Nash made a lot of hay from its fold down seats that converted into a bed. All of the ads and brochure shots from the 1950s show very chaste scenes, invariably of a couple with a child between them. Back in 1940 things were a bit more obvious.
And here’s the morning after:
And what a great night it was, in the Nash!
This is so funny in the way that you put it. Allow me to ad to the problem, although they were not camping. Yours in mirth (and my girth), Tom
Thanks to your post now I wonder when’s the last time an American marque was advertised here with a man literally wearing a top hat.
Did that kind of thing fly after the mid ’50s?
How’d they not notice someone painting their red car blue overnight?
They were…distracted by other matters.
It appears that the pull assist strap and light fixture in the interior behind the door were also yanked out. Distracted indeed!
That’s the first thing I noticed!
In 1940 Americans lived a lot more intimately. Looking through the 1940 Census in neighborhoods I know, nearly all small apartments and one-bedroom houses had three or four family members, and sometimes a lodger. Sharing beds was the default, so sex was separated from life more thoroughly than it is now.
Well my guess is that they were having a lot of sex because we are all here
I like how they make it look like a real bed, complete with pillow and bedspread, rather than just folding seats
But there are no curtains for the windows ! No privacy !
I just park in a deserted area…
but what about the cops
Worry about the cops?
Yeah, especially back then when the air was clean and sex was dirty.
When I think of all the times I’ve been camping, I’ve been lucky enough for it to have been dry with air mattresses or moist with lodges handy, and never, O never, a night of repose prefaced with great feats of athletic prowess inside a unit-body or even body-on-frame post-1985 Deeeetroit iron. Glamping ober cramping, I say.
Man, even when I was twenty with a full-size B-body station wagon we did the business unter den Sternen oder zwischen den Bettwäsche.
Hey! You can’t switch to another language at the start of the punchline!
Is it a family blog? I code-switched like I do in front of my nine-year-old so I could slip in a little double entendre without being too obvious, and maybe encourage the prurient to learn the applications of another tongue. (tongues?)
Car-****ing is *hard*. Oh, geez. Is there an article here, there, anywhere, um, about media depictions of procreative behavior in, on, around, inside, beneath, above classic automotive adequacy or even excellence?
And he wore his formal camping pajamas; very snazzy!
I have an old Popular Mechanix style automotive special issue. It contains suggestions on how to convert a four door sedan for camping. The rear seat back and bracing is removed. A piece of plywood and a foam rubber mat, replaces the seat back, and is propped up and used to fill in the rear floorboard area. The campers stick their legs into the trunk. It also came with plans to build a folding table/desk so that a typewriter could be used in the backseat. Now we’ve got it too easy. We can use a minivan or an SUV. And now we’ve got velcro available to attach the window curtains. Car Camping saves a lot of money over motels
Particularly when done in a 24 hour Walmart parking lot.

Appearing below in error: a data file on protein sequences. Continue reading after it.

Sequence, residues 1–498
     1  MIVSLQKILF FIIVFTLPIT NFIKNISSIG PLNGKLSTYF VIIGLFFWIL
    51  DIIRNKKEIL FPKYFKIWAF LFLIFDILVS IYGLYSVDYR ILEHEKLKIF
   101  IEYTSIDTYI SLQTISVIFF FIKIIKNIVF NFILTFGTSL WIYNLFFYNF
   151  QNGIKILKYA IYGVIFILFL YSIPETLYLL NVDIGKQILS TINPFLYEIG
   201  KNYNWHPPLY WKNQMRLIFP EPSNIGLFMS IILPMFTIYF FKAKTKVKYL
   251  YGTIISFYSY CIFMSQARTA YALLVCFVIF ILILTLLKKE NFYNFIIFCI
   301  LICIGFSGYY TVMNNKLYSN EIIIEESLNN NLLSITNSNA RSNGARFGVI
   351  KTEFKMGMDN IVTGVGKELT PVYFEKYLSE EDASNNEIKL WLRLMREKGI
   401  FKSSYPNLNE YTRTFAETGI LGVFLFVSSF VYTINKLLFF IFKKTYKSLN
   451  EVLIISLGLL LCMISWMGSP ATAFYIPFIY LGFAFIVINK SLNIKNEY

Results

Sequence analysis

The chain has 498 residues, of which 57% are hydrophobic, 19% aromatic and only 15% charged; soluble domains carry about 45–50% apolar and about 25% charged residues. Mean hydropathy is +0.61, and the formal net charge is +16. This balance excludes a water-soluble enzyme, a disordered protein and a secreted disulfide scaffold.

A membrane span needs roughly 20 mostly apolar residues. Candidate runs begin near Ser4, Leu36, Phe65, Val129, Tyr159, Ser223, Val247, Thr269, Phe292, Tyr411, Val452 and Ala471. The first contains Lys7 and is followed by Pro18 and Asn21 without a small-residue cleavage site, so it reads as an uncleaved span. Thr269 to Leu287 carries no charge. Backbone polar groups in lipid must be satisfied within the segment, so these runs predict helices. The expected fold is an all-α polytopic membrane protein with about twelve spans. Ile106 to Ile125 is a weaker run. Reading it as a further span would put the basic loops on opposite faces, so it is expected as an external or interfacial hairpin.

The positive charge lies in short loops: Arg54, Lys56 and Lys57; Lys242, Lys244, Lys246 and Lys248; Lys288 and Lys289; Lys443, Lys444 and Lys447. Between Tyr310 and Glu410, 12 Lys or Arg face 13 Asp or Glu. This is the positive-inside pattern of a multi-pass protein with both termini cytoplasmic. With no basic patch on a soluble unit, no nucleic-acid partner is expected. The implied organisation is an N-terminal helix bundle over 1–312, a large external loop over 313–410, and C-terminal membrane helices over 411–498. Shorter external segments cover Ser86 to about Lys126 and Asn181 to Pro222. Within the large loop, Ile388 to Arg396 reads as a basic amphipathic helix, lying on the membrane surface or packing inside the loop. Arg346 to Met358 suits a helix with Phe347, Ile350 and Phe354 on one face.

> t also came with plans to build a folding table/desk so that a typewriter could be used in the backseat.
Just what I want when I go camping – a typewriter…
Sitting in the running board brings back fond memories .
The Nash’s are glorious ~ too bad they switched to those dowdy cars in the 1950’s .
I sometimes miss my psychotic ex girl friend , she loved having sex in a motor vehicle more than in bed…
We had quite a time once between the North and South bound lanes if the 15 interstate .
Crazy in the head means crazy in the bed. Or the car in your case.
Did those Nash seats fully recline to make a flat surface? I seem to recall how later AMC products were dinged by reviewers for having reclining seats where the pivot-point was a few inches above the the rear of the bottom cushion, meaning that the seats didn’t really recline in a way they could be comfortably used.
This makes some sense in the way bench seats had to fold forward to allow access to the rear seat.
And here’s an equally romanticized image of an early 1940s Nash sleeper car — from back in the days before you needed a camo-wrapped F-250 in order to hunt:
Being that these were years before the BC pill, I’m sure people’s behavior together was a little different than say in the 1960s.
Yup; no premarital sex before the sixties!
Don’t forget “French letters”…..
Plenty of pre marital sex went on .
My folks had a 59 Rambler Custom Sedan. Recall the folding seatbacks?
I recall one date, who’s father would not allow his daughter out with a young man in THAT car.
He loaned me his Ford for the night.
I bought a 1940 Nash sedan from a gas station halfway between Providence and Plymouth, for $125, in 1965 or ’66. Never had the rear seat covers off, to see what was underneath. Certainly didn’t know about, or explore, the folding seats. Car was a great big animal—straight eight with dual ignition. Gorgeous grille, ugly steering wheel. Exhaust manifold was repaired with an asbestos wrap. Found out the hard way that a dropping needle on the temperature gauge was not a “good” thing . . .
My Festiva LX has a split back rear seat. So – I was able to remove the head rests, fold the front buckets flat, then fold the rear seat backs back into the “trunk”. I put an air mattress over the flattened seats. The rear windows pivoted outward. So, I could sleep comfortably in the Festiva during my road trips across the US. I’d stay at National Forest campgrounds, and just made sure that I chocked the wheels well in case I kicked the stick shift because I didn’t have the emergency brake engaged, or that would interfere with the air mattress.
It was pretty sweet.